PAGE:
Barriers and opportunities of soil knowledge to address soil challenges: Stakeholders’ perspectives across Europe

Silvia Vanino, Tiziana Pirelli*, Claudia Di Bene, Frederik Bøe, Nádia Castanheira, Claire Chenu, Sophie Cornu, Virginijus Feiza, Dario Fornara, Olivier Heller, Raimonds Kasparinskis, Saskia Keesstra, Maria Valentina Lasorella, Sevinç Madenoğlu, Katharina H.E. Meurer, Lilian O'Sullivan, Noemi Peter, Chiara Piccini, Grzegorz Siebielec, Bozena SmreczakMartin Hvarregaard Thorsøe, Roberta Farina

*Corresponding author for this work

Research output: Contribution to journalArticleAcademicpeer-review

2 Citations (Scopus)


Climate-smart sustainable management of agricultural soil is critical to improve soil health, enhance food and water security, contribute to climate change mitigation and adaptation, biodiversity preservation, and improve human health and wellbeing. The European Joint Programme for Soil (EJP SOIL) started in 2020 with the aim to significantly improve soil management knowledge and create a sustainable and integrated European soil research system. EJP SOIL involves more than 350 scientists across 24 Countries and has been addressing multiple aspects associated with soil management across different European agroecosystems. This study summarizes the key findings of stakeholder consultations conducted at the national level across 20 countries with the aim to identify important barriers and challenges currently affecting soil knowledge but also assess opportunities to overcome these obstacles. Our findings demonstrate that there is significant room for improvement in terms of knowledge production, dissemination and adoption. Among the most important barriers identified by consulted stakeholders are technical, political, social and economic obstacles, which strongly limit the development and full exploitation of the outcomes of soil research. The main soil challenge across consulted member states remains to improve soil organic matter and peat soil conservation while soil water storage capacity is a key challenge in Southern Europe. Findings from this study clearly suggest that going forward climate-smart sustainable soil management will benefit from (1) increases in research funding, (2) the maintenance and valorisation of long-term (field) experiments, (3) the creation of knowledge sharing networks and interlinked national and European infrastructures, and (4) the development of regionally-tailored soil management strategies. All the above-mentioned interventions can contribute to the creation of healthy, resilient and sustainable soil ecosystems across Europe.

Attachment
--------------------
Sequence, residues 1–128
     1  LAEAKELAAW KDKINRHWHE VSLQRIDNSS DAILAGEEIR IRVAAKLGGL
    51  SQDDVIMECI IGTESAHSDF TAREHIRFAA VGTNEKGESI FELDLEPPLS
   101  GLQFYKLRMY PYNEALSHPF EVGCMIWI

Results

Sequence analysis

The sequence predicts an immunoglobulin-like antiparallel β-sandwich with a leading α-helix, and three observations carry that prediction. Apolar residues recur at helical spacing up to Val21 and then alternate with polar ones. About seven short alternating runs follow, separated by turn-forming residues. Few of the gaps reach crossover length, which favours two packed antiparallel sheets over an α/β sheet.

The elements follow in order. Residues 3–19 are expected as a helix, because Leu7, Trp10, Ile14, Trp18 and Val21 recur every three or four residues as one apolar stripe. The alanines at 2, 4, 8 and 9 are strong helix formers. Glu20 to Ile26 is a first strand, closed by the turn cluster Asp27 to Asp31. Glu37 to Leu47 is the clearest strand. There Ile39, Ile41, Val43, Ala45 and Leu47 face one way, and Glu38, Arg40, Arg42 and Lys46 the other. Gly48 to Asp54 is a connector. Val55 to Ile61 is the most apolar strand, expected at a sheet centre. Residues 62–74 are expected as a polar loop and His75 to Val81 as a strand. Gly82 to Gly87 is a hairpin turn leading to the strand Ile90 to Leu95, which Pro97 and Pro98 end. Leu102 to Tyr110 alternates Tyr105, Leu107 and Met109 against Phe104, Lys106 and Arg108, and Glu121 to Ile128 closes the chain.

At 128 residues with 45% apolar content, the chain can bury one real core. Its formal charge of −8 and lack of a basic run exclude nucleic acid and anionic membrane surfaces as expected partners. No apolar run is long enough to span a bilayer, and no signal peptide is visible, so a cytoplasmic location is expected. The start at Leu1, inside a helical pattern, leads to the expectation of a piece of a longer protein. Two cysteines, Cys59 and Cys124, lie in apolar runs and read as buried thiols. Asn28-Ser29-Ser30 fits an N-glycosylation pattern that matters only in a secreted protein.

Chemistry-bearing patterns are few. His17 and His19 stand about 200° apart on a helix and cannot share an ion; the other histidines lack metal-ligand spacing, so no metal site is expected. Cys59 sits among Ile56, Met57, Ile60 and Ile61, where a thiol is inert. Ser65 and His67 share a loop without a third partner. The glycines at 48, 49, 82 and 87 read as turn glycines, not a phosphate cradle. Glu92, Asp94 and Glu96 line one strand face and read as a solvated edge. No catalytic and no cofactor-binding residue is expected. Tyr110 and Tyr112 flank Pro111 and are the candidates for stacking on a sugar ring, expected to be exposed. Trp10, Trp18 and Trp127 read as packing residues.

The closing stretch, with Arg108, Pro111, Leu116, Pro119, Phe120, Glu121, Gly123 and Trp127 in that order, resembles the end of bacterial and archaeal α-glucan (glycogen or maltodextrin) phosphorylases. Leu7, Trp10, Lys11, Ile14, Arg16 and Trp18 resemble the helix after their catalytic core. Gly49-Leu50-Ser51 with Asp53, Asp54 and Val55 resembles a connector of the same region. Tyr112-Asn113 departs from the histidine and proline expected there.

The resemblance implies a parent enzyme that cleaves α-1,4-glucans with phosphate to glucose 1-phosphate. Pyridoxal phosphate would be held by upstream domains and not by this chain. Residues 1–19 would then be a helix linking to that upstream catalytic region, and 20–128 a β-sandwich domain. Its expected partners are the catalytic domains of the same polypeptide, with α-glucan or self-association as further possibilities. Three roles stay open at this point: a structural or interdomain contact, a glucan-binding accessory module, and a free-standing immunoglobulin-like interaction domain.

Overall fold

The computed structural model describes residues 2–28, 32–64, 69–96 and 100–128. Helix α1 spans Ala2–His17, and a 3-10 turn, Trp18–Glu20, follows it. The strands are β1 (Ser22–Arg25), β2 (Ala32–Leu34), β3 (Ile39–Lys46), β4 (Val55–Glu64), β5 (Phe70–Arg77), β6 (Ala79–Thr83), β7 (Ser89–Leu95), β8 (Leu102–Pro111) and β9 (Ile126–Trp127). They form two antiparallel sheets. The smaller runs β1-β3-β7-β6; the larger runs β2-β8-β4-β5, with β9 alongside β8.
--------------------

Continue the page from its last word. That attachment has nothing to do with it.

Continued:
Original languageEnglish
Article number116581
JournalJournal of Environmental Management
Issue numberPart B
Publication statusPublished - 1 Jan 2023


  • Agricultural soil
  • Science to policy interface
  • Soil challenge
  • Soil knowledge


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